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Government Adoption of New Technologies Has Mixed Results, Says GDS Report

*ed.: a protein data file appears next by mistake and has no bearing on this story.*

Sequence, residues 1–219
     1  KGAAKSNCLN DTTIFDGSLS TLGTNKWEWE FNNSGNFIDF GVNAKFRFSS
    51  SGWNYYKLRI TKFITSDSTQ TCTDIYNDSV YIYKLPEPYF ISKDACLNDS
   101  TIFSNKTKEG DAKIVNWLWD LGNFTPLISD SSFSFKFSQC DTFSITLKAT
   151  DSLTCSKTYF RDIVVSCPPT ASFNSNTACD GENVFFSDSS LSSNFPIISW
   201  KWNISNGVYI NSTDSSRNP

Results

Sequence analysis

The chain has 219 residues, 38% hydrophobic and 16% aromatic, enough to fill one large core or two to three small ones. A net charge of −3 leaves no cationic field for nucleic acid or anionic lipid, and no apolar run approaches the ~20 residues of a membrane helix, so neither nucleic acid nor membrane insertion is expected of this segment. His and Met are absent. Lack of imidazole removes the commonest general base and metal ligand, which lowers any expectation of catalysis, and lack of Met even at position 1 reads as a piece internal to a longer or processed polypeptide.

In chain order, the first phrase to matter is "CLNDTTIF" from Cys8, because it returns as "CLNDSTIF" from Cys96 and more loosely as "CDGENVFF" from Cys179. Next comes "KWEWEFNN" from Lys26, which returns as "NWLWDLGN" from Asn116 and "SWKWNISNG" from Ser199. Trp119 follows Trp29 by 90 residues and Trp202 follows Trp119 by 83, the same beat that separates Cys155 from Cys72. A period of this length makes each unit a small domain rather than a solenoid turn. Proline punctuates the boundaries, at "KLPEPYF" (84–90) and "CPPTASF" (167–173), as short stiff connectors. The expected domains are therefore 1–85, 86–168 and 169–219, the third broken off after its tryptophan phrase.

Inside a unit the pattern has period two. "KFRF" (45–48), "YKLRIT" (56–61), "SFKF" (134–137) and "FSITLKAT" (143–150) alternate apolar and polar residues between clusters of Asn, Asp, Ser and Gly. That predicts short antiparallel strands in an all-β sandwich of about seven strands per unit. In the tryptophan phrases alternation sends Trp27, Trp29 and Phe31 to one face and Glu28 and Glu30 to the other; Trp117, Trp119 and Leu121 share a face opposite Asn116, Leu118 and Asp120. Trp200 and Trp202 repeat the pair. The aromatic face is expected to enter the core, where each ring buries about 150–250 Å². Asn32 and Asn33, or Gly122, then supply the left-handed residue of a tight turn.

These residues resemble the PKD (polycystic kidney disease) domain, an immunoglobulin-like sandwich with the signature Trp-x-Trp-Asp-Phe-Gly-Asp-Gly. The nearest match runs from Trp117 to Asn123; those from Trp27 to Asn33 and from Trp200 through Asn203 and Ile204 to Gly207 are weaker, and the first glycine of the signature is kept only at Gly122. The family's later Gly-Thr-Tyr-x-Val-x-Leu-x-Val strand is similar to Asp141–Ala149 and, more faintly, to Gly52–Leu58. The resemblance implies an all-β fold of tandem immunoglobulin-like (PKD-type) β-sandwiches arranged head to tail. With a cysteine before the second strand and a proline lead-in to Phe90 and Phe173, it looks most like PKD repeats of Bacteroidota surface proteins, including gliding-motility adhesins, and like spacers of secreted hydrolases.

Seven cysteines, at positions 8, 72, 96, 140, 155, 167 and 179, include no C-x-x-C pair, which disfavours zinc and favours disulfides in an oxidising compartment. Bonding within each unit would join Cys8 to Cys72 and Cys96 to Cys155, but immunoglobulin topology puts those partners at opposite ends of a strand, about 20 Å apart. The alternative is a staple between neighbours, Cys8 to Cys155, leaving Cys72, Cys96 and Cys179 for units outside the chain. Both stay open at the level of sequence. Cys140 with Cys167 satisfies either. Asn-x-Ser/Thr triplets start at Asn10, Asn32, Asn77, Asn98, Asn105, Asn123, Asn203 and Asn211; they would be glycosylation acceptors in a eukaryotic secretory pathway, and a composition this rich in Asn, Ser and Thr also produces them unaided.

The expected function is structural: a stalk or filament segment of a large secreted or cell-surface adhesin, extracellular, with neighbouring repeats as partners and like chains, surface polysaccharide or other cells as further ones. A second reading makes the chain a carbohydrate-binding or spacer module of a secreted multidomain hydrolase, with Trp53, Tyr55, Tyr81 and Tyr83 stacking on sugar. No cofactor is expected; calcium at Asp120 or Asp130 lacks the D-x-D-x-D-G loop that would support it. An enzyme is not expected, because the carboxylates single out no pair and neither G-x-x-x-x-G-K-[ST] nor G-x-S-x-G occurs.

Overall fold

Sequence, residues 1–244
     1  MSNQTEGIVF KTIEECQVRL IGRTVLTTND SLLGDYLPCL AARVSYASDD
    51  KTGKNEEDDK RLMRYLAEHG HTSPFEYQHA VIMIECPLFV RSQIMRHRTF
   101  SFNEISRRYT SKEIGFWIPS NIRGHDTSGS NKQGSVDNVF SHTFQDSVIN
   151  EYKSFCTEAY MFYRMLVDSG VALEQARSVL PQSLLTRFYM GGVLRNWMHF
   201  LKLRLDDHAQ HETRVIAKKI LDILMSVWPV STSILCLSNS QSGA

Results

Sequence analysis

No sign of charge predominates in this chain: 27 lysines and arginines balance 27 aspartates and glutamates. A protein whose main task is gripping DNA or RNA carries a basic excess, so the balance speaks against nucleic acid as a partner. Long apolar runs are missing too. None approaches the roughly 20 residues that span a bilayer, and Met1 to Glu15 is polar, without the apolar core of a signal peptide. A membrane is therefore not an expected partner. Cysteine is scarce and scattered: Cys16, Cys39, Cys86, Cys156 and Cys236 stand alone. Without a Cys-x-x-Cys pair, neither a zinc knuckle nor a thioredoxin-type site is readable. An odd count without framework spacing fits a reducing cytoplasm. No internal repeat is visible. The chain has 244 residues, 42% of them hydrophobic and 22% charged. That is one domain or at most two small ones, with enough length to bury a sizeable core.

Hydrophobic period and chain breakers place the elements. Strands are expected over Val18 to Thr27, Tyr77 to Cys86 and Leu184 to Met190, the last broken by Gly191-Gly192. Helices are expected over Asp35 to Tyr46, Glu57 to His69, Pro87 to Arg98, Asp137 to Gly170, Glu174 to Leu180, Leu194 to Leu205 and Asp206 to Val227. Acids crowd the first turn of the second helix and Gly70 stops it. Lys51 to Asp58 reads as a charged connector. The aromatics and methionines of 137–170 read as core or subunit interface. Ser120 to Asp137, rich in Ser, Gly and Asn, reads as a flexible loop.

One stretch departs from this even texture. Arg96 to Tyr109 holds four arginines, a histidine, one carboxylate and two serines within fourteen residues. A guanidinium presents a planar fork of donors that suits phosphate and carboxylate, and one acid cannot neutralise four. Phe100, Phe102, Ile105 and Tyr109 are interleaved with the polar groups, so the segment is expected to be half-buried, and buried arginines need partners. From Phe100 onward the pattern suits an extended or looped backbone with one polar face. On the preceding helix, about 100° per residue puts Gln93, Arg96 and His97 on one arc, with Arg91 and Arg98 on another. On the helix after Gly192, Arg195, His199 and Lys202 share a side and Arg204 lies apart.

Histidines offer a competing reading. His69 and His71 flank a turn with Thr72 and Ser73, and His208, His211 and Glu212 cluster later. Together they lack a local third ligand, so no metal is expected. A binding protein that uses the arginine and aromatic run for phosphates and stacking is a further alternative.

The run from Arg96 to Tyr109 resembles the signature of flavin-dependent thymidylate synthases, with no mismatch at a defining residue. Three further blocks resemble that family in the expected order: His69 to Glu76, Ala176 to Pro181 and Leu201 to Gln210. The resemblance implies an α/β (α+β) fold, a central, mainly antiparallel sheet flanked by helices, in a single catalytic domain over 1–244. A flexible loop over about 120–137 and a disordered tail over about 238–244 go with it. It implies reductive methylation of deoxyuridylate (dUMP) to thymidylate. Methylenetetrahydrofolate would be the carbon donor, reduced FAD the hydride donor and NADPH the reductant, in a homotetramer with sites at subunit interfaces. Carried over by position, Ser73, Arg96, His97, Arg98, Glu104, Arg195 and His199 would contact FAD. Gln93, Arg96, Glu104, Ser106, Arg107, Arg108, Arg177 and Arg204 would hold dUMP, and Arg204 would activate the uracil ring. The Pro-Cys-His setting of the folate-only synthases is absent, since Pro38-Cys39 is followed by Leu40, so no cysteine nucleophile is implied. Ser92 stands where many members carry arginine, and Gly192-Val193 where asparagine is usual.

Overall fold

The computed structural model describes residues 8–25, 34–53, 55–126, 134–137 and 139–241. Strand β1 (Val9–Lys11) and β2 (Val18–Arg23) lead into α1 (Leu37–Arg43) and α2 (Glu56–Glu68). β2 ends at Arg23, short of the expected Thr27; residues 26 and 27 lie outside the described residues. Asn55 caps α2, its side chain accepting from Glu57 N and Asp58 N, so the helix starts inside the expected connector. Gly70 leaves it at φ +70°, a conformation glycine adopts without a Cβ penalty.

A report commissioned by the Government Digital Service (GDS) has found that governmental departments are testing new technologies, particularly artificial intelligence and blockchain. The independent review, which interviewed tech leaders across departments, shows that there is little communication between departments, meaning that development is often siloed and departments risk “reinventing the wheel. ” Researchers found that there are a number of technologies being explored or trialled across governmental departments and local councils. These range from distributed ledgers, augmented reality and biometric identification to AI, deep learning and robotic process automation. Blockchain and AI are garnering the most interest, as both technologies have “potentially wide-ranging process, policy and regulatory impacts on automation, identity, decision making, privacy, security and trust,” according to the report. This includes projects at the Ministry of Defence (MoD), the Met Office and the Ordnance Survey, which are all looking at augmented reality. The Home Office, Department for Health and Social Care (DHSC), Ministry of Justice (MoJ) and the Environment Agency are also all looking at the potential for wearables to capture a range of data. However, although several departments are investigating the use of the two technologies, they are “often doing so independently and in a piecemeal fashion”. The amount of time and resource allocated to new testing new technologies vary, according to the study. Often, such efforts will be part of a department’s digital transformation manifesto. Some departments have set up digital innovation labs to support these initiatives. Experimentation with new technologies is often seen as a risk and that risk is amplified with scale. “Testing a new technology to improve a small back office process is different to deploying disruptive technologies like AI or distributed ledger technology in frontline services. Examples collected during the research range from low risk, low impact to high risk, high impact,” the report said. However, there is also risk attached to deploying untested technologies or doing nothing at all. The report advised for increased coordination between departments, as well as more visibility of new technology trials. A GDS-commissioned report has found artificial intelligence and blockchain are the most popular among emerging technologies in government, but projects are often done in silos and departments risk “reinventing the wheel.”